If you’ve all been wondering why lately, the NBS has waged war on People Power, by promoting adequate space to dissidents, then this is the invisible logic behind this, writes Sylvia Akello in her exclusive report.

SEE ALSO: NBS and Canary Mugume’s documentary on Ziggy Wine flops

After noting that the UBS is a sunken ship that cannot sail to their target, the NRM propaganda machines have stunned their guns to the popularly watched NBS TV in a ploy to bring down the People Power movement.

Our sources have tipped us of a mega 12 billion shillings project to which the NBS CEO, Kin Kariisa appended his signature in a high profile meeting with Odrek Rwabwogo. The duo met at a Kololo hotel lately to seal the deal. In the deal, it was agreed to propagate hate against Bobi Wine and People Power movement. Also agreed, was that NBS grants sufficient platform to events promoter, Balaam Barugahare, foul-mouthed Full Figure and anybody who would sign the cheque to fight Bobi Wine.

According to our intel, the first disbursement worth shs 6b was wired to the Kamwokya based TV station to hire some of its ‘Uncut Kalakata’ presenters to promote the Muhoozi project at the expense of demonising the People Power movement. For the record, Zahara Toto (presenter) has been frequently heard singing praises for Muhoozi. Toto cannot end the show without glorifying the first son which justifies our exclusive findings.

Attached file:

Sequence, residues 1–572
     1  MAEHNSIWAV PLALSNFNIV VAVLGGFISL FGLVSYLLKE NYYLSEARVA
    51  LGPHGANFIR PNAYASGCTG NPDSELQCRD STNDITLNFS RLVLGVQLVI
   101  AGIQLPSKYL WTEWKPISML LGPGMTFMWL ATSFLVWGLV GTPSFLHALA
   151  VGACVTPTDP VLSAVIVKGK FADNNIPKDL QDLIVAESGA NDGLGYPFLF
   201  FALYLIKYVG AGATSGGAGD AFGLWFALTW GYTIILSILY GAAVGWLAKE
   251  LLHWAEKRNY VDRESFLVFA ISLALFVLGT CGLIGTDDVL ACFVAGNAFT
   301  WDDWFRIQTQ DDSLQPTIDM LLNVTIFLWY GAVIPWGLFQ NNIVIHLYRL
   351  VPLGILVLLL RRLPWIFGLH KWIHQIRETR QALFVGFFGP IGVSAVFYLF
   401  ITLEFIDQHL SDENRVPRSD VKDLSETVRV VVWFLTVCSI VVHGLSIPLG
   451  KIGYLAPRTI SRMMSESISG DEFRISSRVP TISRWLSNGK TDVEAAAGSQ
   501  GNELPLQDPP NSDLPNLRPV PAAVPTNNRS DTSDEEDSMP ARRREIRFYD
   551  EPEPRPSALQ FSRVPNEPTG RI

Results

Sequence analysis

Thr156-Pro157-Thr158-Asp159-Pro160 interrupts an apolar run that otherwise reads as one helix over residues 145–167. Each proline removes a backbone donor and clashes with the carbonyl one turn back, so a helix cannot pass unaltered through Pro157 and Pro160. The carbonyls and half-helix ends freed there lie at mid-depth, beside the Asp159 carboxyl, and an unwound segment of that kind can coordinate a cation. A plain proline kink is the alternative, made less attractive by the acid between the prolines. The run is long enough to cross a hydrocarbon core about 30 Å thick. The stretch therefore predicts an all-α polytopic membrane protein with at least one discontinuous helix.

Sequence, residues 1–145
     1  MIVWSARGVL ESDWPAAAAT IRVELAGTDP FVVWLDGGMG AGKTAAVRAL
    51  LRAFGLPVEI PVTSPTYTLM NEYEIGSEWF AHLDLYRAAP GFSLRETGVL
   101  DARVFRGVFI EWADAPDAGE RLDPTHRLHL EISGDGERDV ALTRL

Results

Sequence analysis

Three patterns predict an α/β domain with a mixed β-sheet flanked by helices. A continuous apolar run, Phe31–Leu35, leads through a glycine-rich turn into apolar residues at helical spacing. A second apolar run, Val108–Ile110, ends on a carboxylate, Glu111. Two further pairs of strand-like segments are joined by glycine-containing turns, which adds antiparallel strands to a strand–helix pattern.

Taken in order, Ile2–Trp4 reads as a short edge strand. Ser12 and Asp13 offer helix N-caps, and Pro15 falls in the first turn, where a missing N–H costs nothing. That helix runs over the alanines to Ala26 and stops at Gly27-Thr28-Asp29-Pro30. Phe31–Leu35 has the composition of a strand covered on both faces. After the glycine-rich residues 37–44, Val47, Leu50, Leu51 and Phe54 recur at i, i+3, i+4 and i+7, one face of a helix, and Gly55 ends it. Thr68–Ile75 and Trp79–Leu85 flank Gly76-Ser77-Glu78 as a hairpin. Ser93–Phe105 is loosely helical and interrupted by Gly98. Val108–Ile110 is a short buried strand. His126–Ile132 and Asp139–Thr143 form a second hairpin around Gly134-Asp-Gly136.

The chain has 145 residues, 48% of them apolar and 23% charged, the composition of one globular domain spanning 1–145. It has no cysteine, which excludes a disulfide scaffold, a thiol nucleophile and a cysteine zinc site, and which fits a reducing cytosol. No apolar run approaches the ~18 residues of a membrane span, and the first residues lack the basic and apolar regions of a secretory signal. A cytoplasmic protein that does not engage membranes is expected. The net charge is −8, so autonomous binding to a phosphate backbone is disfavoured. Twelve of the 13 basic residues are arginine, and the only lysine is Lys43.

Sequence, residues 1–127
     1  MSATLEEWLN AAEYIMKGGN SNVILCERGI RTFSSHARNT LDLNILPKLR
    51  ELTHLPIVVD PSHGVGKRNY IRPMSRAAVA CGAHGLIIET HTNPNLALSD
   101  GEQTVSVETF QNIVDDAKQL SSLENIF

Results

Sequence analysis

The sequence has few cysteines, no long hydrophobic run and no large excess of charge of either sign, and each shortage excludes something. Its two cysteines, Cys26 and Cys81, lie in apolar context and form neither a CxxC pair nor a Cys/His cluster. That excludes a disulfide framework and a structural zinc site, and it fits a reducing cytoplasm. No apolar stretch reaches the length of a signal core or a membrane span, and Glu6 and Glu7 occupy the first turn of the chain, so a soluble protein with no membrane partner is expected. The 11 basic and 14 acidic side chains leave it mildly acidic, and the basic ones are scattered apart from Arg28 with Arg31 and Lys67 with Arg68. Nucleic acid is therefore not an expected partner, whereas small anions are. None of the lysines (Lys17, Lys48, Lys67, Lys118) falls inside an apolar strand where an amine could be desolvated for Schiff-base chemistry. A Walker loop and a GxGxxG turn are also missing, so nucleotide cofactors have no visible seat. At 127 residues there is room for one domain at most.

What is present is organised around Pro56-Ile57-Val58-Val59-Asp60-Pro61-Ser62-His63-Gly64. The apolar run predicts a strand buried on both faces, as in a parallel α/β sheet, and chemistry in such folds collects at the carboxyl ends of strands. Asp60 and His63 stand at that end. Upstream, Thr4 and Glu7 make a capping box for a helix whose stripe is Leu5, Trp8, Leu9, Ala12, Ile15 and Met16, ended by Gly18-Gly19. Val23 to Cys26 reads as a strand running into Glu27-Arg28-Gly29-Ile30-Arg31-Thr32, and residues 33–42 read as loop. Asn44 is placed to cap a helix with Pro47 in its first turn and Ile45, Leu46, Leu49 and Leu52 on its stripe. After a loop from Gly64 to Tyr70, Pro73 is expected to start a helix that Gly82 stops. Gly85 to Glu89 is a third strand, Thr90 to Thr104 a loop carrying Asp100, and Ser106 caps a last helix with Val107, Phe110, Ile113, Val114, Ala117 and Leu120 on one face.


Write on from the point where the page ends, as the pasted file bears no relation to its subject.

All the previously televised events about the defection of blogger Ashburg seem to have an agenda of demoralizing People Power supporters. It turns out that NBS has over-granted too much airplay to the new ‘NRM big fish’. For a full week, Ashburg has been the talk of ‘Uncut Kalakata’ to the point that even today, Saturday 23 they had to host him for a weekend special edition. The presenters themselves tend to spin a narrative aimed at bringing down the People Power movement.

It is not the first time that NBS has aided with the ruling NRM regime. In 2019 when the Zigy Wine story had hit the climax, NRM hired NBS journalist, Canary Mugume to create his own narrative in what came to be known as the ‘tape measure’ theory.

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